5. Intimidation: People follow you because they are afraid not to. They feel emotionally bullied by you and obey because they want to avoid being fired, hurt, embarrassed, ect… This is the third worst path and is often used when quick action is needed.
4. Exchange: This is the most common path to power we use. People follow you because you can do something for them. Both parties receive something: you work; your boss pays you. This path works, but it’s still temporal. It’s over when one party finds a better deal.
3. Persuasion: People follow you because they are moved to cooperation. They agree because of the ideas or incentives, which you provide. This path now utilizes verbal expression, which makes others want to follow you. Persuasion means “through sweetness.”
2. Motivation: People will follow you because you create excitement. Your cause and your passion move others to action. People willingly go where they would not have gone themselves. This is an even better approach, but still not the best.
1. Honor: People follow you because you honor them through service. You and your followers have a mutual respect for each other. Others submit because you’ve earned their esteem. This is the best path and the longest lasting form of leadership. It earns fierce loyalty and commitment as a result.
Think again about the night that George Boldt served Mr. Waldorf and his wife. He didn’t know who they were. He didn’t see what they could give him in return one day. He just honored anyone who came through the door. And—he won them over. When you take the path of honor your influence increases. Even if you don’t have a formal leadership position at your school or work, you can still influence others. Martin Luther King Jr. once said, “Everybody can be great…because anybody an serve. You don’t have to have a college degree to serve. You don’t have to make your subject and verb agree to serve. You only need a heart full of grace. A soul generated by love.”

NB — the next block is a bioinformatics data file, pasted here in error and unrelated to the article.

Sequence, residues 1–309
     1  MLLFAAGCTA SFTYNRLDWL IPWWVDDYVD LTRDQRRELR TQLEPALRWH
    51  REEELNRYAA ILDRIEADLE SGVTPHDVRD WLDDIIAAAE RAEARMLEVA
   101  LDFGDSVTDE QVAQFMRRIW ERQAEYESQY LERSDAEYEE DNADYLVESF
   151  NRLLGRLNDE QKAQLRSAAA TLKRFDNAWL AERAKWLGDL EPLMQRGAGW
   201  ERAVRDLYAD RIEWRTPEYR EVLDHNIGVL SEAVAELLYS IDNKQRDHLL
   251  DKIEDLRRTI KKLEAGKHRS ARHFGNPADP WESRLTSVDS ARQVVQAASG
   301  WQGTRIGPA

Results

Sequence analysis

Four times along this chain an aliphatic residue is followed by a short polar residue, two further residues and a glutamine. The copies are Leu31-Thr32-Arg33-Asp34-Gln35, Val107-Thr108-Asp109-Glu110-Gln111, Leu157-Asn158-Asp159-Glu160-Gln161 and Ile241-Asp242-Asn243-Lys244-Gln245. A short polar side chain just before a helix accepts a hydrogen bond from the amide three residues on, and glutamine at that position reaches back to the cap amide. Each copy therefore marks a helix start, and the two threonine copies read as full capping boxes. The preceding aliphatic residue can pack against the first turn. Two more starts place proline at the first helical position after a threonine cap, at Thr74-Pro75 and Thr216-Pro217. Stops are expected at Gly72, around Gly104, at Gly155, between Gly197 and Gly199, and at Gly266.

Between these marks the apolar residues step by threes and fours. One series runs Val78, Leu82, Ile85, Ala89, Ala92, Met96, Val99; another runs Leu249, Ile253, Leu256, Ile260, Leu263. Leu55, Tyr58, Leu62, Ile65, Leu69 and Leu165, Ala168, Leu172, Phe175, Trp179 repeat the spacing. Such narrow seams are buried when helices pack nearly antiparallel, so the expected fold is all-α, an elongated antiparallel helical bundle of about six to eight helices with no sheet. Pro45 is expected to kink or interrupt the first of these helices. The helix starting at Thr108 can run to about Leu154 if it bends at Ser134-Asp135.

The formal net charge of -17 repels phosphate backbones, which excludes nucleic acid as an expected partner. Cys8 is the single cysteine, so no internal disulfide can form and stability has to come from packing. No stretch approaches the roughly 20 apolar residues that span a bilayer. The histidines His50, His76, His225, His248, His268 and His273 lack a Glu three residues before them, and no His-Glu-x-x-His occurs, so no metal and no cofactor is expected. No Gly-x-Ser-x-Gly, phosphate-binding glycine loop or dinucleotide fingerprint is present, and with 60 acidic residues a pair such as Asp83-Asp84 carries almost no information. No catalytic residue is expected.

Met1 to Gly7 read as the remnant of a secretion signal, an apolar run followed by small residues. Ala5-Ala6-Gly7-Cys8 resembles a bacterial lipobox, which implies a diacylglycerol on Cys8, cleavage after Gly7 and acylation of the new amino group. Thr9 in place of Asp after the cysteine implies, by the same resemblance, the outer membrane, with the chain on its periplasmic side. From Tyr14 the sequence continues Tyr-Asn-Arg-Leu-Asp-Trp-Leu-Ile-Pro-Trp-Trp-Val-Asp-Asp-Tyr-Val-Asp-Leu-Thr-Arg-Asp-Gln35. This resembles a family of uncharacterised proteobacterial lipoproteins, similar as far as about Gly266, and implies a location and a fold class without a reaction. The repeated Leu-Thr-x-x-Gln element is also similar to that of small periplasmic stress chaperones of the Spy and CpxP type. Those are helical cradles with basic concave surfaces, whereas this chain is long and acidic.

The Waldorf Principle reminds leaders that the way to greatness is through sacrifical and extravagant service. In November, 2005, Oprah Winfrey honored some people who practiced this principle, following Hurricane Katrina. After that natural disaster, thousands of victims were displaced, without a home or food. Many Americans left their own comfort to serve them—at times at great expense. Mary Burnham was a nurse who wanted to serve the victims in Louisiana. Her hospital wouldn’t give her time off to do it. So, she quit her job. Serving the less fortunate was more important to her. Ryan Devin left Chicago to serve folks after the hurricane. How did he pay for his trip? He sold his World Series tickets—the tickets to watch his own Chicago White Sox play in a world Series they hadn’t been to in more than 80 years! He had never missed a game in thirty years. Extravagant? Sacrificial? You bet. But if you want to connect with others, be a servant to them. Forcing influence always backfires. Earning influence through honor always pays off. Remember the simple clerk, Mr. Boldt, and take the path of a servant leader.